And they demonstrated, along side the Council of African Affairs, against South African apartheid, approving the CAA's declaration that "the struggle of black women in America for freedom and justice is unthinkable as many hundreds of millions of their sisters in the Caribbean, Africa, and Asia are degraded and enslaved by the same pattern of racist oppression which we strive to abolish in our own land."[26]

They communicated with members of the African National Congress (ANC) inside South Africa, who warmly responded, thanking them for having "made it possible the link [between African American and African women] we have always wished for [on] this side of the world."[27]

Louise and Sojourner Charlotta Bass co-wrote letters to feminists in the Global South saying that Black American women's freedom was "inextricably linked" to that of their sisters in South Africa, and that freedom movements led by "colored women in Africa, Asia, and in these United States must lead to the complete emancipation of women throughout the world."[28]

The early demise of the Sojourners for Truth and Justice was caused partly by concerns in the CPUSA that the group was not racially integrated, and therefore a manifestation of racial separatism which the Party opposed on principle. The major cause of the Sojourners' demise, though, was cold-war era domestic repression in the United States.[29] According to Erik S McDuffie, "Government informants riddled the group, enabling the FBI to accumulate more than 450 pages of surveillance files in little more than one year."[30] The state also targeted members individually. In April 1951, Charlotta Bass had her passport seized by the Justice Department, and that same month Louise was forced to testify in New York State court about her political activities. At least for Louise, the harassment was familiar; she had been heavily surveilled by the FBI since the early 1930s if not before. Some of the FBI files on Louise can be viewed for free at archive.org.

Besides direct state repression, the cold-war atmosphere also harmed the Sojourners indirectly in that formerly friendly parties were now afraid to work with them. The NAACP, for example, had frequently co-operated with CPUSA people before World War II; but now the NAACP barred Communists and this prevented the Sojourners from participating in civil rights campaigns such as those led by Ella Baker, president of the New York NAACP.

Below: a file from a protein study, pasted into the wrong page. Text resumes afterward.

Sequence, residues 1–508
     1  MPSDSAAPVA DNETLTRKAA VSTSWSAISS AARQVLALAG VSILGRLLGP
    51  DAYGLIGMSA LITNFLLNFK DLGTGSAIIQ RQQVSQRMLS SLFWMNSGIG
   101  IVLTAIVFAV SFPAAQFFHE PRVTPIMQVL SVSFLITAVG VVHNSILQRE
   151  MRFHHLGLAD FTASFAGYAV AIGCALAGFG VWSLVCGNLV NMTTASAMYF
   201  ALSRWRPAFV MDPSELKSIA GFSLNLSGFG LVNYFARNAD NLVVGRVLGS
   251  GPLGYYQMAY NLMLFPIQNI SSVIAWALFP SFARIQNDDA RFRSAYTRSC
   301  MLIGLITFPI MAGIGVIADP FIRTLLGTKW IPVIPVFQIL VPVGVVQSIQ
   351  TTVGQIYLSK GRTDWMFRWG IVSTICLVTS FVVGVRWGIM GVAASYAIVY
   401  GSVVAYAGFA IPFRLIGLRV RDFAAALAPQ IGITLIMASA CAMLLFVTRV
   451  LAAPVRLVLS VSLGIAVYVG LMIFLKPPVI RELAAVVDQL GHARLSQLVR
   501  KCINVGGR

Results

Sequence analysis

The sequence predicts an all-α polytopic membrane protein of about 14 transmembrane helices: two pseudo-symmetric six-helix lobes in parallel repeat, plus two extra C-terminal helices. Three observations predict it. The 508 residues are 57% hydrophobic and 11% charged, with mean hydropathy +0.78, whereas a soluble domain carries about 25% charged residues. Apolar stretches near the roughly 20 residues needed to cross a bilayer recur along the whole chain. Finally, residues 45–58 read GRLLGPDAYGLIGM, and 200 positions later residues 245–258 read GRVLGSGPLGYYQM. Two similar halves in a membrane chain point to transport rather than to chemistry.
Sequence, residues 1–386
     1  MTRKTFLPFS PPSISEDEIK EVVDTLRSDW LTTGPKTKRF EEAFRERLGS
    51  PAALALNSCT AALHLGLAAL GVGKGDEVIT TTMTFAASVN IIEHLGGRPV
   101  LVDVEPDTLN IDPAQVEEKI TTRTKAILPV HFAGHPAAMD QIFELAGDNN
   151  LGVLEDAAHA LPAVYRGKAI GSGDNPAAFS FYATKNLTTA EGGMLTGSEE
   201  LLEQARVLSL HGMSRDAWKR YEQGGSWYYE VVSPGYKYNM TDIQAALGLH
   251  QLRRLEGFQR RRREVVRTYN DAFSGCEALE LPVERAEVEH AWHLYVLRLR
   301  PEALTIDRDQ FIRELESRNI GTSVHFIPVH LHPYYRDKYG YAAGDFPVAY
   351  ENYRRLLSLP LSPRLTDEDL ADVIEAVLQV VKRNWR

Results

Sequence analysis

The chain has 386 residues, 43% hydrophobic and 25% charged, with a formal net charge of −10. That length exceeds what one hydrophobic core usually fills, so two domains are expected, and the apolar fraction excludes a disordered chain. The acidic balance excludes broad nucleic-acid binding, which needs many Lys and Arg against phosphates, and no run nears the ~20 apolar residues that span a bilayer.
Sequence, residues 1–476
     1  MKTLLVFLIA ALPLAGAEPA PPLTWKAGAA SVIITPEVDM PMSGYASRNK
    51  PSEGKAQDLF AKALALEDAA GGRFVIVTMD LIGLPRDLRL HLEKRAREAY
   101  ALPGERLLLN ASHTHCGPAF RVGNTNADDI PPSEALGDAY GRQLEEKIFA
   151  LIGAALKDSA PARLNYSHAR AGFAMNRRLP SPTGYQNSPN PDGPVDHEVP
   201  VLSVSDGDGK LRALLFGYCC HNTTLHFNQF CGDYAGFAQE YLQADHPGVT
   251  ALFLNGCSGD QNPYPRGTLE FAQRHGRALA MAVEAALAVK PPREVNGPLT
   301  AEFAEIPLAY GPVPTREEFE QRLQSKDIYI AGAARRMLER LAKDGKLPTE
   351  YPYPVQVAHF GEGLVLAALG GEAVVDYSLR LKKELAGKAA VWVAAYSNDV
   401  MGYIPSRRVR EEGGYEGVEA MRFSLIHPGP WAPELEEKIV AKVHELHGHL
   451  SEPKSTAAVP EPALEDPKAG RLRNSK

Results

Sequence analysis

By the end of 1952, the Sojourners no longer functioned as a group.

According to FBI surveillance files, Louise was on the Central Committee of the CPUSA in 1937 and re-elected to it in 1938 at the 10th National Convention.

In the 1960s and 1970s, Louise continued to mentor young Black militants. The New York Black Panther leadership, and the CPUSA's Black Liberation Committee, which had many youthful members as well as old hands, met regularly in Louise and William's Harlem apartment.[31]

Works by Louise Thompson

  • 1968. "With Langston Hughes in the U.S.S.R.", Freedomways 8.2 (Spring 1968), pp 152-8.

Other works

  • Erik S McDuffie, 2011. Sojourning for Freedom: Black Women, American Communism, and the Making of Black Left Feminism.
  • Spartacus.edu "Louise Thompson". Accessed 2016.
  • United States Federal Bureau of Investigation, Louise Thompson Patterson files
  • Willam J Maxwell, 1999. New Negro, Old Left


  1. Louise Thompson Patterson FBI file.
  2. Erik S McDuffie, p 63.
  3. William J Maxwell 1999, p 142.
  4. William J Maxwell 1999, p 143.
  5. Erik S McDuffie 2011, p 64.
  6. 2011, p 66.
  7. Mark Naison, Communists in Harlem During the Depression, 1983 reprint, p 74, cited in William J Maxwell 1999, p 142.
  8. Erik s McDuffie 2011, p 74, quoting Louise Thompson Patterson papers, interview, 14 May 1987.
  9. Erik S McDuffie 2011, p 59.
  10. Erik S McDuffie, p 75.
  11. Erik S McDuffie 2011, p 59.
  12. William J Maxwell 1999, p 143.
  13. Erik S McDuffie 2011, p 59; William J Maxwell 1999, p 143; William J cites Louise Thompson, "Southern", p 327.
  14. Erik S McDuffie 2011, p 64.
  15. Erik S McDuffie 2011, p 9.
  16. Erik S McDuffie 2011, p 68.
  17. William J Maxwell 1999, p 143.
  18. P 75.
  19. Erik S McDuffie 2011, p 120.
  20. Erik S McDuffie 2011, p 122.
  21. Erik S McDuffie, p 149.
  22. Erik S McDuffie 2011, p 160.
  23. Erik S McDuffie 2011.
  24. Carole Boyce Davies, Left of Karl Marx, p 83; quoted in Erik S McDuffie, p 83.
  25. Erik S McDuffie 2011, p 176.
  26. In Erik S McDuffie 2011, pp 178-9.
  27. ANC Women's League official Bertha Mkize to Sojourners, 20 April 1952, in Louise Thompson Patterson Papers, 2002, box 13, folder 4; quoted in Erik S McDuffie 2011, p 179.
  28. Letters to Miss Baila Page and to Minna T Sioga, both 5 April 1952, in Louise Thompson Patterson Papers 2002, box 13, folder 4; in Erik S McDuffie.
  29. "While the CPUSA's cool response to the Sojourners contributed to its demise, McCarthyism was the key factor in shutting down the organization" (Erik S McDuffie 2011, p 183.)
  30. 2011, p 183.
  31. Erik S McDuffie 2011, p 201.